Supportive evidence for this view is provided by a much-discussed 2013 study of long-term commodity prices by professor David Jacks.¹ He observes that commodity price volatility, including that associated with so-called ‘supercycles’, has increased dramatically since the global economy moved away from the gold-backed fixed exchange rate regime of Bretton Woods. That is strong evidence that large commodity price swings over long periods of time are not primarily scarcity-driven phenomena but rather macroeconomic and monetary (although Mr Jacks does not explicitly make this connection. In any case it would be beyond the scope of his paper.)²

The Malthusian Reflex

There is, however, something else requiring explanation here. Commodity prices may have risen substantially since the early 2000s and food prices may have caught up somewhat of late, but as Mr Jacks notes in his 2013 study, looking back longer term through many decades it is clear that food prices have chronically lagged those for commodities that are pulled out of the ground, such as crude oil or metals. Now why should this be?

A popular neo-Malthusian explanation is that this is due to the growing scarcity of ‘underground’ relative to ‘above-ground’ commodities. Farmland remains plentiful and it is easy to expand food output to meet rising demand, so the thinking goes, but this has not remained the case with metals or fossil fuels. The following chart showing this phenomenon was featured last year in The Economist:

Under vs. Above-Ground Price Inflation

As we have seen in our previous discussion of Malthusian thinking, scarcity-based theories for commodity price movements don’t have a great track record and I am highly skeptical of this particular explanation for the sustained divergence between above- and under-ground commodity prices.

Why? Because it is a woefully incomplete argument, failing to take into account the changing sources of demand for commodities and how these evolve over time with technology and the composition of the capital stock of an economy. Consider: Is a bushel of wheat somehow more economically productive today than it was ten, twenty or fifty years ago? Not at all. It contains the same amount of calories and makes the same amount of bread or other staple foods. But what about crude oil, for example? With power plants and engines of all kinds far more efficient, a barrel of oil can add much more economic value today than it could twenty or fifty years ago. For example, it can sow and harvest far more wheat. If it can add more value, it is entirely reasonable that people will be willing to pay relatively more for it. Moreover, innovation in petroleum products has created a huge and growing range of specialty petrochemicals, some of which enable highly advanced industrial processes that simply didn’t exist in any form a generation ago. With technological advancement creating entirely new sources of demand in a highly complex entrepreneurial dynamic, other factors equal, oil prices will rise to reflect that shift. Thus this is not a scarcity-driven price development but an efficiency-driven one, facilitated by technological advancement.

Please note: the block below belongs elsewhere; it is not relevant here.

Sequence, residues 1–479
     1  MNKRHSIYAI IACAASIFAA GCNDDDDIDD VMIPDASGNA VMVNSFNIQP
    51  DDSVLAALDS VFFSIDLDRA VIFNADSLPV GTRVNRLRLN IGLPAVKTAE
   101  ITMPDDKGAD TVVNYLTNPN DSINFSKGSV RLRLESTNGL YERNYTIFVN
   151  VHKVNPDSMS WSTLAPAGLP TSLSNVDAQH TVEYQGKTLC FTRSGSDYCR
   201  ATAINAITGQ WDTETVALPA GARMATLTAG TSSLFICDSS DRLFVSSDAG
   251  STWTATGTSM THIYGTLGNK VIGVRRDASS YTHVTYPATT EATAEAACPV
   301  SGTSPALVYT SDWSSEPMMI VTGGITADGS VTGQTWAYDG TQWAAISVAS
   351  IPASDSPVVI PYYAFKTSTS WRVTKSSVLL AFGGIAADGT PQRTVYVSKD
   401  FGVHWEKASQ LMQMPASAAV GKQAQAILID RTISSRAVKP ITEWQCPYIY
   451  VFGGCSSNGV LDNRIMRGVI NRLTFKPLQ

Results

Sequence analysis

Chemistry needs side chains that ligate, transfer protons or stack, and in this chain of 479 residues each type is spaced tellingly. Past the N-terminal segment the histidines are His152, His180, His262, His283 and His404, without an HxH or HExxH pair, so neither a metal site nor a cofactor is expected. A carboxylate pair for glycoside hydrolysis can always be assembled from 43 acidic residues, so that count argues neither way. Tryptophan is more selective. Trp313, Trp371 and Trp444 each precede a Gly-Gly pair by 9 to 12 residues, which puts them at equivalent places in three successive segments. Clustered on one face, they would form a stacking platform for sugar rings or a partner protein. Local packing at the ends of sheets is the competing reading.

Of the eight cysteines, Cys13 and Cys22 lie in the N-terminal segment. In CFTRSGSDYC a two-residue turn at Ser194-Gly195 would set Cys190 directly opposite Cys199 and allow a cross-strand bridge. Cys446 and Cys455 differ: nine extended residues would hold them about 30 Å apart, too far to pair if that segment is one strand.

Expanding this thinking to other industrial commodities, metals are, due to technological advancement, able to provide for far more economic value added today than a generation or more ago. Electronic components are more advanced and efficient but still need copper. Silver has found new applications as an anti-microbial agent. Platinum, palladium and rhodium’s catallactic properties make these metals enormously useful in a growing range of applications beyond autocatalysts. Rare earth metals can provide essential input into some of the most advanced tech components. And on and on.